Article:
Sentiments of black press 190 years later

2/24/2017, 12:58 p.m.
In the February 1981 issue of Ebony magazine, brilliant journalist and historian Lerone Bennett Jr. provided the best reason for ...
Peter Bailey

A. Peter Bailey

In the February 1981 issue of Ebony magazine, brilliant journalist and historian Lerone Bennett Jr. provided the best reason for studying and learning from history that I have ever heard or read.

In an article, “Why Black History Is Important to You,” he wrote, “The past is a bet that your father placed that you must now cover.”

Nowadays, I believe Dr. Bennett would say “ancestors” rather than fathers, but his point is clear and precise.

I thought about his quote when teaching a “History of the Black Press” course at the University of the District of Columbia. When discussing the editorial in Freedom’s Journal, the first black newspaper (March 11, 1827) in this country, I read students the following excerpts presented by editors Samuel E. Cornish and John W. Russwurm:

“Education being an object of the highest importance to the welfare of society, we shall endeavor to present just and adequate views of it, and to urge our brethrens the necessity and expediency of training their children, while young, to habits of industry and those preparing them to become useful members of society…

“The civil rights of a people being of the greatest value, it shall ever be our duty to vindicate our brethren when oppressed; and to lay the case before the publick. We shall also urge upon our brethren … the expediency of using their elective franchise; and of making an independent use of the same. We wish them not to become the tools of party ...”

Mr. Cornish and Mr. Russwurm continued, “Useful knowledge of every kind, and everything that relates to Africa, shall find a ready admission into our columns; and as that continent becomes daily more known, we trust that many things will come to light, proving that the natives are neither so ignorant and stupid as they have generally been supposed to be.”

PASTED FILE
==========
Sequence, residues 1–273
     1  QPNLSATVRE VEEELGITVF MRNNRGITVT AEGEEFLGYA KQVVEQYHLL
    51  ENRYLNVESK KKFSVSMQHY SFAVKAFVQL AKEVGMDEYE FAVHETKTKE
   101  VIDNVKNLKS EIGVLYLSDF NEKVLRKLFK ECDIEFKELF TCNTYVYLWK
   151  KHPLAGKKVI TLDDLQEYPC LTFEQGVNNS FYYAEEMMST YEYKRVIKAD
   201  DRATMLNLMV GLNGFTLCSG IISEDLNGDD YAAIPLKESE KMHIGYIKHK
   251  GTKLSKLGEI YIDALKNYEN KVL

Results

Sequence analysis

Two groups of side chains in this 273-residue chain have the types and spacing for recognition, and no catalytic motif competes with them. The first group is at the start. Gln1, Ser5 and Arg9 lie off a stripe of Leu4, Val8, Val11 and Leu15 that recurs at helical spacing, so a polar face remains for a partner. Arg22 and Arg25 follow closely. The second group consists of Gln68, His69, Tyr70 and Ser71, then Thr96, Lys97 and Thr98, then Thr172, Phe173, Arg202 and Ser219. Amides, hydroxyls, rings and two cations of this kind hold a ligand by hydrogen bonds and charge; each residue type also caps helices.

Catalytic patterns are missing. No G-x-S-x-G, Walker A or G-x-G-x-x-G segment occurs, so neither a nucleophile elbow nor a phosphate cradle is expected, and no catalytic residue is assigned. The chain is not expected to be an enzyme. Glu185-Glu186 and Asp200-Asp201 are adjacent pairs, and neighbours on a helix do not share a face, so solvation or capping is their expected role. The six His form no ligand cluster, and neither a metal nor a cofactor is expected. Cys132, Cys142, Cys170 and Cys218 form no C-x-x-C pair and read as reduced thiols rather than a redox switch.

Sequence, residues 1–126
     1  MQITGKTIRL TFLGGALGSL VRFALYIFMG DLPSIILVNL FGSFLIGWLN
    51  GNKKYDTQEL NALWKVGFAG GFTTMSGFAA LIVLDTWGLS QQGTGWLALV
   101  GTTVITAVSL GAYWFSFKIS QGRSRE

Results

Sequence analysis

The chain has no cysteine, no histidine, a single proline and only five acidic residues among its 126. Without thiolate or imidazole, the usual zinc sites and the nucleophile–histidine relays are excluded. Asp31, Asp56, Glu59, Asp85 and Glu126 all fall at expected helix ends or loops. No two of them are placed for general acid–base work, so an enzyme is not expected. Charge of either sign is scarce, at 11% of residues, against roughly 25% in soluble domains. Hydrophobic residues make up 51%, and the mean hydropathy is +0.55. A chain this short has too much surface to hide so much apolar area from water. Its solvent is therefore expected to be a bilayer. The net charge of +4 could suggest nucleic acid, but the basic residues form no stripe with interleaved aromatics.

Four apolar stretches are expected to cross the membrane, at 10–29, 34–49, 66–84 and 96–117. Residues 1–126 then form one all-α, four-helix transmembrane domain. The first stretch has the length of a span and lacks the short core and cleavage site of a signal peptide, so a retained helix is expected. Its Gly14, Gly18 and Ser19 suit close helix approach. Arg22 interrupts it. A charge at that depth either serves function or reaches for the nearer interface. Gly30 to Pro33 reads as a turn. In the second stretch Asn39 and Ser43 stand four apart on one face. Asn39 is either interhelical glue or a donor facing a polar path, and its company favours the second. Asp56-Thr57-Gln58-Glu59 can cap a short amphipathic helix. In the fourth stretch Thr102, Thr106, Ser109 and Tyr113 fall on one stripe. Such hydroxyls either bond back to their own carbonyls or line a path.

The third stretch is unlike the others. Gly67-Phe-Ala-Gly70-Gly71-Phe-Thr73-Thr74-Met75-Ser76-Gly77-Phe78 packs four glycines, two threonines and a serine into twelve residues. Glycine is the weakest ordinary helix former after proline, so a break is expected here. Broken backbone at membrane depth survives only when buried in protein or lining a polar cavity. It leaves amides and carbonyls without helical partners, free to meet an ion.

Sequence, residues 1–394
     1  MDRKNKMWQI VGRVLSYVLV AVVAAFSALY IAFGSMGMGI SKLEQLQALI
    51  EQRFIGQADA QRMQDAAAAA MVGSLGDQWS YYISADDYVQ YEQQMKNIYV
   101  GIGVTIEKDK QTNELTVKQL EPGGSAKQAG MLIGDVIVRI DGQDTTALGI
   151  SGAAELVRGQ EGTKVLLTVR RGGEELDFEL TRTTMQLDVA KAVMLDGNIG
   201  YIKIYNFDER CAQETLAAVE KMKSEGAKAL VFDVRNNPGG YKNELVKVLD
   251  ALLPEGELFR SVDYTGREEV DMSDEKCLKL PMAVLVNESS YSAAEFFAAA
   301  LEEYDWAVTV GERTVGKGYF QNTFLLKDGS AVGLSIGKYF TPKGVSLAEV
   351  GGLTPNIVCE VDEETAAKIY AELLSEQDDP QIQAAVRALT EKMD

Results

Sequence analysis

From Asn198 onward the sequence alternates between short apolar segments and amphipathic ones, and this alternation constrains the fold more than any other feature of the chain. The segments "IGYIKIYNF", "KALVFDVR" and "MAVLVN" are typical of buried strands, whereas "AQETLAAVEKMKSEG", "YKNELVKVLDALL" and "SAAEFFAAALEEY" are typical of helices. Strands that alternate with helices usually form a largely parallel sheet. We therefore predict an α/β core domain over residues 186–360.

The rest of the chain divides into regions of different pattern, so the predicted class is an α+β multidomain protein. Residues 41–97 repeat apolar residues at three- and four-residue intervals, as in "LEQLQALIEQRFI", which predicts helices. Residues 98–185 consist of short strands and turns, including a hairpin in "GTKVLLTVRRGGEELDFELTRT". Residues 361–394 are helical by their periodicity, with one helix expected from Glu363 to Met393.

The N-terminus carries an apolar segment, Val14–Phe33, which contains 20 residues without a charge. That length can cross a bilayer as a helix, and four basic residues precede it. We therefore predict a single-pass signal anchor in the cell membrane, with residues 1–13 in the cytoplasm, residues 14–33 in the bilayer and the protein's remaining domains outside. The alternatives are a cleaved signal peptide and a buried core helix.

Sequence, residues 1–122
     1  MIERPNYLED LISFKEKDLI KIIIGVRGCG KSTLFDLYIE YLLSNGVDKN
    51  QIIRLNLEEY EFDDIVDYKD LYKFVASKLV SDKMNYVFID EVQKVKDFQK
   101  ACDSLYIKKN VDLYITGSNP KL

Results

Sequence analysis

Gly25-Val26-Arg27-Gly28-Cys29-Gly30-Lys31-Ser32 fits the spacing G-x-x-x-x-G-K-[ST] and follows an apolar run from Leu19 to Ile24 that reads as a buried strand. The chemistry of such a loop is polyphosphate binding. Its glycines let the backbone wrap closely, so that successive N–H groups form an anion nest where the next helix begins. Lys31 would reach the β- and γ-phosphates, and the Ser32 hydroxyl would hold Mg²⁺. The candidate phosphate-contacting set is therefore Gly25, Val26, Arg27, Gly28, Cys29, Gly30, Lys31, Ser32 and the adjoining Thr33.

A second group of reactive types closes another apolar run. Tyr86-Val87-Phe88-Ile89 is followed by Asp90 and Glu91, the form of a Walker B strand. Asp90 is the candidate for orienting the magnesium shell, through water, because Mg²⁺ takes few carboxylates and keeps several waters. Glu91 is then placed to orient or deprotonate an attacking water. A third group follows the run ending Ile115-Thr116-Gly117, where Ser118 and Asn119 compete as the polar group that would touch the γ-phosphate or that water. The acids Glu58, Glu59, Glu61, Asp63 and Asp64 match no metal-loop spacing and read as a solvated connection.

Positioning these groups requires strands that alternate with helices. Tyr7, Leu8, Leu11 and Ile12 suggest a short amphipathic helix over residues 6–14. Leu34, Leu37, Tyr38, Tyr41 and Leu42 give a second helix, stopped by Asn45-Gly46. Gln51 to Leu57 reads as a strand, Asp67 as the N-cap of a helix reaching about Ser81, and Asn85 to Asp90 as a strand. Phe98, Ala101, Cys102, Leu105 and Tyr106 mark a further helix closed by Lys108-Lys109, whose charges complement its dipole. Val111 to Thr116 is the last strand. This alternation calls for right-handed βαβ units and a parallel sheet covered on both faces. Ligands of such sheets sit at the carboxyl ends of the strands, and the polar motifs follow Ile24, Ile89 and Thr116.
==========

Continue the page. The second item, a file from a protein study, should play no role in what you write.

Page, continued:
I also discussed David Walker’s “Appeal to the Coloured Citizens of the World,” but in particular and very expressly, to those of the United States of America:

“I would crawl on my hands and knees through mud and mire to the feet of the learned man, where I would sit and humbly supplicate him to instill into me that which neither the devils nor the tyrants could remove, only with my life — for coloured people to acquire learning in this country, makes tyrants quake and tremble on their sandy foundations.

“The whites have always been an unjust, jealous, unmerciful, avaricious and blood-thirsty set of beings always seeking after power and authority… In fine we view them all over Europe, together with what was scattered about in Asia and Africa as heathens, and we see them acting more like devils than accountable men. But some may ask, did not the blacks of Africa and mulattoes of Asia, go on in the same way as did the whites of Europe. I answer no — they never were half as avaricious, deceitful and unmerciful as the whites, according to their knowledge.”

The sentiments expressed in those two publications, one published in 1827, the other in 1829, are some that we are still dealing with in 2017 — nearly 190 years later. Let’s hope that many more of us will commit to covering the bets placed by our ancestors such as Mr. Cornish, Mr. Russwurm and Mr. Walker.

The writer is a journalist, author and lecturer based in Washington. He can be reached at apeterb@verizon.net.